Businesses struggle as dollar gets more expensive

Following the State Bank of Vietnam’s decision to devalue the dong against the US dollar by two percent, many companies in Ho Chi Minh City have complained they cannot keep their selling prices unchanged and maintain profits.

Customers at the Asia Commercial Bank in HCM City (Photo: SGGP)

On August 17, the State Bank of Vietnam (SBV) increased the average inter-bank exchange rate by VND 388 to VND 18,932 per US dollar in an effort to ease the trade deficit. The new exchange rate is applicable as of August 18, and the trading band remains unchanged at ±3%. The SBV also stipulated that the ceiling exchange rate listed by commercial banks is VND19,500.

Several manufacturers, retailers, and distributors told Sai Gon Giai Phong on Thursday, August 19, that the new exchange rate made it difficult to maintain the prices of many commodities, especially of items produced with imported materials whose prices depend on the USD-VND exchange rate.

Some importers, including those of kitchen utensils, are preparing to increase their selling prices to offset the rise in input costs, said Bui Hanh Thu, deputy director of the Saigon Co.op.

One representative of a supermarket chain said: “In early August, many suppliers of garments, food and cosmetics said they would increase prices of a number of commodities by 3-12 percent. While we were negotiating ways to maintain prices, the inter-bank rate increased, making it more difficult for us to keep prices unchanged.

“From September, we cannot help but raise the selling prices of a number of commodities at a rate that reconciles the benefit of producers, traders and consumers.”

Currently, most supermarkets, including Co.op Mart, Big C, Satramart, Maximart and Citimart, can offer goods at the same prices as before, owing to large reserves. Meanwhile, many traditional markets and shops that trade in imported goods have increased their selling prices.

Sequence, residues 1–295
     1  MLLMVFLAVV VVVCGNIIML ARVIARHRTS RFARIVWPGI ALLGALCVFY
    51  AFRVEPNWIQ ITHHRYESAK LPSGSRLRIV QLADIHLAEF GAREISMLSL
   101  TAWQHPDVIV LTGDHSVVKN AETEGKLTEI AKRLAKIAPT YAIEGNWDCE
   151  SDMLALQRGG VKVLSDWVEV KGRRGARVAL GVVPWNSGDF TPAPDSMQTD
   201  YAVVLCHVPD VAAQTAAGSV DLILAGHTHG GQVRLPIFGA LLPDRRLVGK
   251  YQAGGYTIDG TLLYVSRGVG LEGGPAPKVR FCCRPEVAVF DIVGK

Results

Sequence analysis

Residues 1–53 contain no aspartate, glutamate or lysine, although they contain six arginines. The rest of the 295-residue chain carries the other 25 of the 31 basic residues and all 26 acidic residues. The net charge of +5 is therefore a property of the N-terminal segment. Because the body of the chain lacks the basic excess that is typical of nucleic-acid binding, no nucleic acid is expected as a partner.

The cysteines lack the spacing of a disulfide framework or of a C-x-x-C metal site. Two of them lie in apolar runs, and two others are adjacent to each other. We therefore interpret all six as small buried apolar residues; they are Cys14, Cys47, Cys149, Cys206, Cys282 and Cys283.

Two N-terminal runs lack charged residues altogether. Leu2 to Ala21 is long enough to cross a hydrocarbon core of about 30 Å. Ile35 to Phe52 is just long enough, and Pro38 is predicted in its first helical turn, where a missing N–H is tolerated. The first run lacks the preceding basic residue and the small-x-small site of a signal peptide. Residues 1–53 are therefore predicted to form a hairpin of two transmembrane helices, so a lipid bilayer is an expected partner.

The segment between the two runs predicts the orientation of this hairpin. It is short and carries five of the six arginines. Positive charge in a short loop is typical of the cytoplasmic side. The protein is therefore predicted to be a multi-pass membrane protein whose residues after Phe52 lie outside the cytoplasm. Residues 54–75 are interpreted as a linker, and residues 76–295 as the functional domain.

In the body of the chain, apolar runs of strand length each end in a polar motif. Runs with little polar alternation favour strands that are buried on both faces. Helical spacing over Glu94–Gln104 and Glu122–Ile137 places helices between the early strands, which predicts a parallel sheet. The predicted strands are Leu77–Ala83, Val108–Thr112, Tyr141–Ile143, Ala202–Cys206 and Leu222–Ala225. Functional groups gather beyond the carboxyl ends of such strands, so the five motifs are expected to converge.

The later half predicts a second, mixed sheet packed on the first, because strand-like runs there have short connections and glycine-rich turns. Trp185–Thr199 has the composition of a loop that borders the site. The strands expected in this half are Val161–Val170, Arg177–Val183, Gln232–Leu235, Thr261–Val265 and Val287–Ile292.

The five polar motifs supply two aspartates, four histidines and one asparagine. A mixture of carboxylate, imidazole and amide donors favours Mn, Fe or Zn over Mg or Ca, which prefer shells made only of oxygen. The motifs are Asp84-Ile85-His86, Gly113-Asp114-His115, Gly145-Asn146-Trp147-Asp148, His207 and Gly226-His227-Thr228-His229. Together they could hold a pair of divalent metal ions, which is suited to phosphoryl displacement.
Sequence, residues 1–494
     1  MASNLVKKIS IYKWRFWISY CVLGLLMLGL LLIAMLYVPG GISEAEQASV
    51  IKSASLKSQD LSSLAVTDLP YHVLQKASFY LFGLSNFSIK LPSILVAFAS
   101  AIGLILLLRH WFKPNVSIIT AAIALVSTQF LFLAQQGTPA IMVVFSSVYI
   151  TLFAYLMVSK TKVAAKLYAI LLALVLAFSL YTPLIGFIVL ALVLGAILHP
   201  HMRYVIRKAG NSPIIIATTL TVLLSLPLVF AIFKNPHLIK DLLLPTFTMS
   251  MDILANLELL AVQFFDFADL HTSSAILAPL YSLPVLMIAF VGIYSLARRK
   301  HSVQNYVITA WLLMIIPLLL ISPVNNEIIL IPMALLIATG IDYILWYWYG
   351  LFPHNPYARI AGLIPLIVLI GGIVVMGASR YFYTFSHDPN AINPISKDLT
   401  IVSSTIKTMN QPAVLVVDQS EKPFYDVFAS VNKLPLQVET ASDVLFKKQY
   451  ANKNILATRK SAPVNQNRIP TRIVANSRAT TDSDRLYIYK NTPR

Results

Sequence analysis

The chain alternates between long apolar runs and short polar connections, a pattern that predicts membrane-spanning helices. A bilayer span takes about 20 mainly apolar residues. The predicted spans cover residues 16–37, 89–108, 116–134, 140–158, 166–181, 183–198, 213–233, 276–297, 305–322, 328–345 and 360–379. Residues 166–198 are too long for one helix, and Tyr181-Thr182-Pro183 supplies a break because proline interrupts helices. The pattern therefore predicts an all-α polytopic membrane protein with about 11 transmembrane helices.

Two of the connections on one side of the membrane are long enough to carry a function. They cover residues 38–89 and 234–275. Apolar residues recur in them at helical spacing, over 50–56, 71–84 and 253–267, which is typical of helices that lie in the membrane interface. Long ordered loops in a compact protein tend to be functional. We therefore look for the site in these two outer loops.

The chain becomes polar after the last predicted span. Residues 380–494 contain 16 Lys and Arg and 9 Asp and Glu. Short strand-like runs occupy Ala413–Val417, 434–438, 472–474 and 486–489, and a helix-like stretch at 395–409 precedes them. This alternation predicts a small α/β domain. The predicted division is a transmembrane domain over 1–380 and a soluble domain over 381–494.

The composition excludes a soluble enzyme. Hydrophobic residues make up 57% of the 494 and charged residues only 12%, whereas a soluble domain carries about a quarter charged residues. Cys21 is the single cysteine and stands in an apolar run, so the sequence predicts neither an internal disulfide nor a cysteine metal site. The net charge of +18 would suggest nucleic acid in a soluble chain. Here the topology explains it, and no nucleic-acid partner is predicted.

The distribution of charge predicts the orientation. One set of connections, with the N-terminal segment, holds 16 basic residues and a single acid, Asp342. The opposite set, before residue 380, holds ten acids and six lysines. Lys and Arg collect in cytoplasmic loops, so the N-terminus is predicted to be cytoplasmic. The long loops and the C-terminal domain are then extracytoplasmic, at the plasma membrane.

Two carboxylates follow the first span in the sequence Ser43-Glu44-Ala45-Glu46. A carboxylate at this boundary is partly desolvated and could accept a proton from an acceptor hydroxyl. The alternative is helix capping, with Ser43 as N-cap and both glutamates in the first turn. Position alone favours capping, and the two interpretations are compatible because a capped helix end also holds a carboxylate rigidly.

The rise of the interbank rate had an immediate effect on traders who hold small quantities of goods in stock, said a trader of imported confectionary in Binh Thanh District said.  “For the time being, I try to keep prices unchanged but have to reduce the discount rates to maintain profit”.

Cao Tien Vi, chairman of the Saigon Paper JSC, said the increased inter-bank rate would directly affect the company’s business, as increased prices of many imported materials “would make our production costs rise”.  

The company’s investment plan has been also affected. “We are investing in a new production line worth VND100 billion. Now with the new inter-bank rate, we will suffer an increase of about 2.1 percent in our investment costs,” Vi said.

To maintain its competitiveness, the company is trying to not to increase selling prices, but if the situation continues, the company’s profits will come down to zero, he said.

Tran Quoc Manh, Vice President of HCM City's Association for Fine Arts and Wood Processing, said: “The country targets US$3 billion worth of woodwork exports this year, but with the increased inter-bank rate, the target becomes distant since as much as 80 percent of the materials for the wood processing industry are imported”.

Many long-term export contracts have been signed with foreign partners, so local importers could face a lot difficulties with a rise in their input costs that will eat away their profit, Manh cautioned.

By Thuy Hai – Translated by Truc Thinh

Other news